AIDS Immunity What Is AIDS Research Paper

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Some of the illnesses linked with AIDS can be prevented or cured through other treatments ("What is the difference" par, 5).

Symptoms of HIV / AIDS:

Depending on the phase of the infection, the symptoms of HIV and AIDS vary. In early HIV infection, a person may have no signs or symptoms at all. Nonetheless, a person may develop a brief (two to four-week) flu-like illness when first infected with HIV. The signs and symptoms in this phase of infection include fever, sore throat, headache, rash and swollen lymph glands. It's also important to note that someone is still able to transmit the virus to others even when he/she doesn't have any symptoms.

In the later phase of infection, an infected person may remain symptom-free for close to nine years or more ("Symptoms" par, 3). As the virus continues to multiply and destroy the immune cells in this phase, the infected person may develop chronic symptoms or mild infections. These mild infections or chronic symptoms include diarrhea, weight loss, swollen lymph nodes, fever and cough and shortness of breath.

The last or latest phase of infection occurs within 10 or more years after the initial infection. During this phase, the appearance of more serious symptoms is evident and the infection may proceed to the official definition of AIDS. By this time, the immune system has been severely damaged and the signs and symptoms include chronic diarrhea, dry cough, soaking night sweats, weight loss, headaches, blurred and distorted vision and fever higher than 38 C.

AIDS-Defining Illnesses and Infections:

In addition to a laboratory-based AIDS diagnosis, the independent and presumptive diagnosis of AIDS is based on the presence of an AIDS-defining illness in a person whose HIV positivity and CD4 cell count are unknown. The variety of infections and diseases experienced by a patient with a weakened immune system is usually referred to as AIDS-defining illnesses ("AIDS-defining illnesses" par, 1).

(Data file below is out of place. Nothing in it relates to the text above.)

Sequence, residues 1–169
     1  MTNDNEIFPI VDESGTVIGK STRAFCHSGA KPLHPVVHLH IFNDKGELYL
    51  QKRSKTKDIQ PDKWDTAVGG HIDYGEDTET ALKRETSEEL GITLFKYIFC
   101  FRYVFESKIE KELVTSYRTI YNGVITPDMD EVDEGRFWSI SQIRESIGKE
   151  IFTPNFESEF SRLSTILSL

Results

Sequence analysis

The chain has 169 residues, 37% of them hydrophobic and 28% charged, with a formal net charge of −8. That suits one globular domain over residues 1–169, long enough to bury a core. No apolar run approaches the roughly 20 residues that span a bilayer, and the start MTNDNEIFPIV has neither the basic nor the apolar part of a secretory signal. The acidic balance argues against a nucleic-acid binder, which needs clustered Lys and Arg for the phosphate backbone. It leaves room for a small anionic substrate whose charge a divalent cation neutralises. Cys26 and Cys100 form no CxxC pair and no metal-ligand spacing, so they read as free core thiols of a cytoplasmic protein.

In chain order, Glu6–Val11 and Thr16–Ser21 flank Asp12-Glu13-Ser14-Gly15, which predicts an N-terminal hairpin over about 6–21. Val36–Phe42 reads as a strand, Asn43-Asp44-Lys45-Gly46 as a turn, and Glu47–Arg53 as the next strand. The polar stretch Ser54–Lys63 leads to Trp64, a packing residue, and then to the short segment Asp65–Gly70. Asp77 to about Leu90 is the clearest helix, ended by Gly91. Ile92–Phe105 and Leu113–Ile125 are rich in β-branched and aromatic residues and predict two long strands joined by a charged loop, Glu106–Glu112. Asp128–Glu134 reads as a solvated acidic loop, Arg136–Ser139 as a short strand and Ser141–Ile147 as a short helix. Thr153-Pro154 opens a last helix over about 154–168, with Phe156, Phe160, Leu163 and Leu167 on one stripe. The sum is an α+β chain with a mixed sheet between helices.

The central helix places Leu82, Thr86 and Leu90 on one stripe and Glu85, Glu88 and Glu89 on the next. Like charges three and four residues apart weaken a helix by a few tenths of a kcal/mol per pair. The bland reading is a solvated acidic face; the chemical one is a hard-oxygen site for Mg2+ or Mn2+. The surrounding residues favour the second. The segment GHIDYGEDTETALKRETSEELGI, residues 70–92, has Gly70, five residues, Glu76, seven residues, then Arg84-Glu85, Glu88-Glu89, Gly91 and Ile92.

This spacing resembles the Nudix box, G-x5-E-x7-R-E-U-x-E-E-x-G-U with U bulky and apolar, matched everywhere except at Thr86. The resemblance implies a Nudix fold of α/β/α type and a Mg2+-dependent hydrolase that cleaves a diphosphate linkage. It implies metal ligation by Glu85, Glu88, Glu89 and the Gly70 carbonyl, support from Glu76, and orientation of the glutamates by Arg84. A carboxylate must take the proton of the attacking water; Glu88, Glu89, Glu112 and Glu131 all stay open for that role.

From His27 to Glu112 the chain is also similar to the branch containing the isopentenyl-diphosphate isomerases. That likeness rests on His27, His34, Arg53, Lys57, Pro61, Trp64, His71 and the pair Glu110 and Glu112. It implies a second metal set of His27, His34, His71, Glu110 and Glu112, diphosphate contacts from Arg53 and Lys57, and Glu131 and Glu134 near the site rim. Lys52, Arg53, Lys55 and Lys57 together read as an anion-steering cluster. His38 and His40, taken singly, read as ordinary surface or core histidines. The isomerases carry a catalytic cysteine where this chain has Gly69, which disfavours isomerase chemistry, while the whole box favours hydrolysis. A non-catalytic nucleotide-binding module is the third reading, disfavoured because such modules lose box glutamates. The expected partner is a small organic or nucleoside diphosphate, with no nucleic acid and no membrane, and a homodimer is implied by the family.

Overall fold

The occurrence of an AIDS-defining illness is a sign that the infected person has entered the latest phase of HIV infection and is developing AIDS. These AIDS-defining illnesses are in four major categories namely opportunistic infections, central and peripheral nervous systems' diseases, malignancies and wasting syndrome. The examples of diseases affecting the central or peripheral nervous system include AIDS dementia complex, neuropathy, myelopathy and myopathy.

Natural AIDS Immunity:

Despite HIV / AIDS being a deadly disease, it has been discovered that about 2% of HIV patients were protected in some way. According to American and Chinese researchers, a group of bodily proteins block the development of HIV into AIDS ("Secrets of AIDS Immunity" par 3). Since mid-1980's, scientists have always known that some HIV infected people don't proceed to develop AIDS. This is as a result of immune cells known as CD8 T cells which were discovered to produce some unidentified features that subdued the HIV cells from replicating. The body proteins appeared to block all threads of HIV and researchers suggest that the proteins could be developed to suppress the greater population's HIV infections.

There is also the discovery of a group of Gambian women who have a noticeable immunity to HIV infection. Despite being exposed to HIV once a week for five years, the Gambian female prostitutes were continuously free of signs of HIV infections. This is because the women were producing highly specific cytotoxic T-lymphocytes (CTL) reactions to HIV-1 and HIV-2 peptides. In order to detect the CTL's in the Gambian women, the researchers had to resort to some visualized laboratory work ("Natural Immunity" par, 4). While the specific HIV CTLs could be identified by using a patient's own virus to arouse CTLs in vitro in HIV-infected people, the process would not work in uninfected people.

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R.N., Mark C. "What Is HIV and How Does It Relate to AIDS?" About.com: AIDS/HIV.

About.com, 23 Jan. 2010. Web. 27 Mar. 2010. .

"Secrets of Aids 'immunity'" Online Posting. BBC NEWS: WORLD EDITION. BBC, 26 Sept.

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